College hadn’t worked out for Yeller: He had not even learned to drink well. By spring, his second sophomore year at Eastern Washington University – Eastern Washington State College three years before, their mascot, the Savages; little Indians with tomahawks remained in the athletic facility’s brick walkway – Yeller was an Eagle and a fairly lost bird.
He opted for college to avoid construction work. It’s not that he didn’t respect working with your hands: He was no good at it. Upon graduation, most of his high school classmates migrated to the Tri-Cities and employment at the nuclear plant. Ironworkers, boilermakers, machinists, welders, operators: All the union books opened, but Yeller could ruin an anvil with a feather duster. He didn’t trust himself on a project that could melt half the state.
Recently, he took work selling knives, strong enough to cut metal, out of a briefcase. A customer once inquired why she would want such a knife.
“Don’t you think it’s better to have a knife that cuts metal and not need it than to need a knife to cut metal and not have it,” Yeller responded. He was a sincere person and eager for his clients’ comfort. He believed every kitchen ought to have proper equipment.
In the tavern, he chatted up all those he knew: locals and out-of-towners and students – the knives made excellent gifts for parents. Those he didn’t, he introduced himself and hunted for the portion of them that bought things. He never felt off duty. It wore him out. One tavern breakfast, he found himself with no one on either stool beside him. Others picked through omelets or stabbed their overeasy eggs with toast, but Yeller no longer noticed the bustle.
The muscles in his shoulders relaxed, and his head lolled a little. It was as calm as he had ever been. He let his breakfast sit. He didn’t drink his orange juice. For an entire song, he didn’t move. Not the frozen hide-and-seek sort of stillness, but tranquil without effort – like a tree or mountain.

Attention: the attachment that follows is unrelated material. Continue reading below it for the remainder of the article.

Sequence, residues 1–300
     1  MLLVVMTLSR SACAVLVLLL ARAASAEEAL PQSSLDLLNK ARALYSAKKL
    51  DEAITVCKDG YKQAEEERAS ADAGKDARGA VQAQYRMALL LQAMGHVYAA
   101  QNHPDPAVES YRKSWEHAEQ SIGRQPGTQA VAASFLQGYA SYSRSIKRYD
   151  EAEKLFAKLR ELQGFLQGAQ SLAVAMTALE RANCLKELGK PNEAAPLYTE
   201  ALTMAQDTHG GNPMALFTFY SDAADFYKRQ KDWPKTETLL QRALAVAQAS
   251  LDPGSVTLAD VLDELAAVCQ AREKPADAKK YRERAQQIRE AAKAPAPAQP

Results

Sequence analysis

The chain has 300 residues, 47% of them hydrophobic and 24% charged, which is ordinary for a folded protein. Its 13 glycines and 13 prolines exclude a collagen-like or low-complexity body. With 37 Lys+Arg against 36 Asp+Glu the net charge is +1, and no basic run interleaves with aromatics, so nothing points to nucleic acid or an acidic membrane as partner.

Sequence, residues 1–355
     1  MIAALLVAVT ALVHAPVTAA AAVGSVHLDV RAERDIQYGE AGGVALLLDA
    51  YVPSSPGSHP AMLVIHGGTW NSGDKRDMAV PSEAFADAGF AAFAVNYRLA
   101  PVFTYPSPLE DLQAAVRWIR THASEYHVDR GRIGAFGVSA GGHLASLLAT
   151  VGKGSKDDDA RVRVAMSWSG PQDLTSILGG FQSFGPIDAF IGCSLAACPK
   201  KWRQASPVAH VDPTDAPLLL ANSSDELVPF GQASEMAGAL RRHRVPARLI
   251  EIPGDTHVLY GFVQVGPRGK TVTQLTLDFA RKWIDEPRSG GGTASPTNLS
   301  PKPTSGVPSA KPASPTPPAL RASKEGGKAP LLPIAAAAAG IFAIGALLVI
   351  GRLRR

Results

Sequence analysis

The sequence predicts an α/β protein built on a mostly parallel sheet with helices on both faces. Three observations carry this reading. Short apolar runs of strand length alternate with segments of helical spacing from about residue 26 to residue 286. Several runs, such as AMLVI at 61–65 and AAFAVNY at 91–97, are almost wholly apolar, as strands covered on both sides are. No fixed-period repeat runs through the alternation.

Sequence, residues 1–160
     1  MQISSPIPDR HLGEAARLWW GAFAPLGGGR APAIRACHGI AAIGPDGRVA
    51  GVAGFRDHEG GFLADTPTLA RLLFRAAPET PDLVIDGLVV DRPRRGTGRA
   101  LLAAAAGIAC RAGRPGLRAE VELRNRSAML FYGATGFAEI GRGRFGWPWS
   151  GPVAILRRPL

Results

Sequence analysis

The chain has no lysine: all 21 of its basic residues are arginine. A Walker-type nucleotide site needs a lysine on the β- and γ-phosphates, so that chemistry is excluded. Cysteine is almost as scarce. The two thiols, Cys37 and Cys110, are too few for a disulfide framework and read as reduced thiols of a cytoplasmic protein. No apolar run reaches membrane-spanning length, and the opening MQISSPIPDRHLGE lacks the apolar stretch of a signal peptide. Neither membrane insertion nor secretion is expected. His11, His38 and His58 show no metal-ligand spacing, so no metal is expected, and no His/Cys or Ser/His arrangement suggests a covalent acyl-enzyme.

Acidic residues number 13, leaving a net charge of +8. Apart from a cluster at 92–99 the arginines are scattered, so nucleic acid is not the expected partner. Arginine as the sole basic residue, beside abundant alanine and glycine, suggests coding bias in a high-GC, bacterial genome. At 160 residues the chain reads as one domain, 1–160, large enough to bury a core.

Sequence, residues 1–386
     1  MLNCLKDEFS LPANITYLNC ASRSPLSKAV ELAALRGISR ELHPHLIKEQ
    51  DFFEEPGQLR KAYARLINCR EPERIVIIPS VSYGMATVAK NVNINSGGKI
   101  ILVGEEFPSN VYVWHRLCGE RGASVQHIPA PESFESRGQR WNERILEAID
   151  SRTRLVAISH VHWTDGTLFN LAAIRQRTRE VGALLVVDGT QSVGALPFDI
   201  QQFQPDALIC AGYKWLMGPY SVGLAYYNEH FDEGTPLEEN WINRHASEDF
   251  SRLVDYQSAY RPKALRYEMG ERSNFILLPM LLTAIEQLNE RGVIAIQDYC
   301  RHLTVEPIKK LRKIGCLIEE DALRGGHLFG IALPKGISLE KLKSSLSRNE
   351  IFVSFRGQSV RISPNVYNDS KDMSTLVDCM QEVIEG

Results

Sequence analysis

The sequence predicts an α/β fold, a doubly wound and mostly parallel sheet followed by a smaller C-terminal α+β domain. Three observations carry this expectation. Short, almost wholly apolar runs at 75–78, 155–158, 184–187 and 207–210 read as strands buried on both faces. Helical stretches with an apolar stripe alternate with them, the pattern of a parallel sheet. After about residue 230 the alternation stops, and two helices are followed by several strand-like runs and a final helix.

A jukebox song finished, then another. The gears in his head gently engaged. They pressed him someplace poorly lit. He squinted. Light clung to the ground, low and ethereal; it seemed to emit from underneath. Shadows appeared like wraiths, not zombies nor frightening nor silent nor depressed.
Eventually, Yeller recognized he must return to the barstool and his breakfast and ordinary chaos in the room. He determined he would retain this moment, though. There would be signs. The bartender refilled his coffee. Yeller glanced up. The man wore a simple bill cap, but stitched to its brim was a yellow hoop and inside a silhouetted rodeo rider aboard a rearing horse.
“What time is it?” Yeller asked.
The bartender glanced at his watch. “Half past one.”
The haberdasheries were all closed. Tomorrow, Yeller thought. Tomorrow he would become a cowboy.
Ten minutes later, a drunk woman approached him. Her husband required dialysis, and she wanted to winter him in Arizona. She offered him a lottery ticket for $10.
“I can get my own for half that,” Yeller told her.
“But who would it help?” she asked.
He didn’t have $10. Breakfast was the end of his cash. He offered her a knife. “It cuts metal,” he said.
Yeller exchanged the knife for the ticket. “It’s sad for me to lose this,” she said. “But it may be good luck to you.”
Outside, the sun hurt Yeller’s eyes. He’d determined today to visit the library. Tomorrow was his midterm in Intro to Biology, a class he hadn’t attended in two weeks. He’d encountered a woman in the back row; she’d asked if he knew where to get extra pencils. He offered her his. When the professor began his lecture, she scratched words furiously into her notebook, her pretty face bunched with attention.
She did not notice Yeller wrote nothing, nor did she return the pencil after. The weeks following, Yeller occasionally encountered her on campus. Once his eyes met hers, but Yeller saw nothing like recognition. In fact, her nose wrinkled as if she’d smelled something disagreeable, then she gazed down at her books and hurried past. Thinking of it hurt Yeller’s teeth.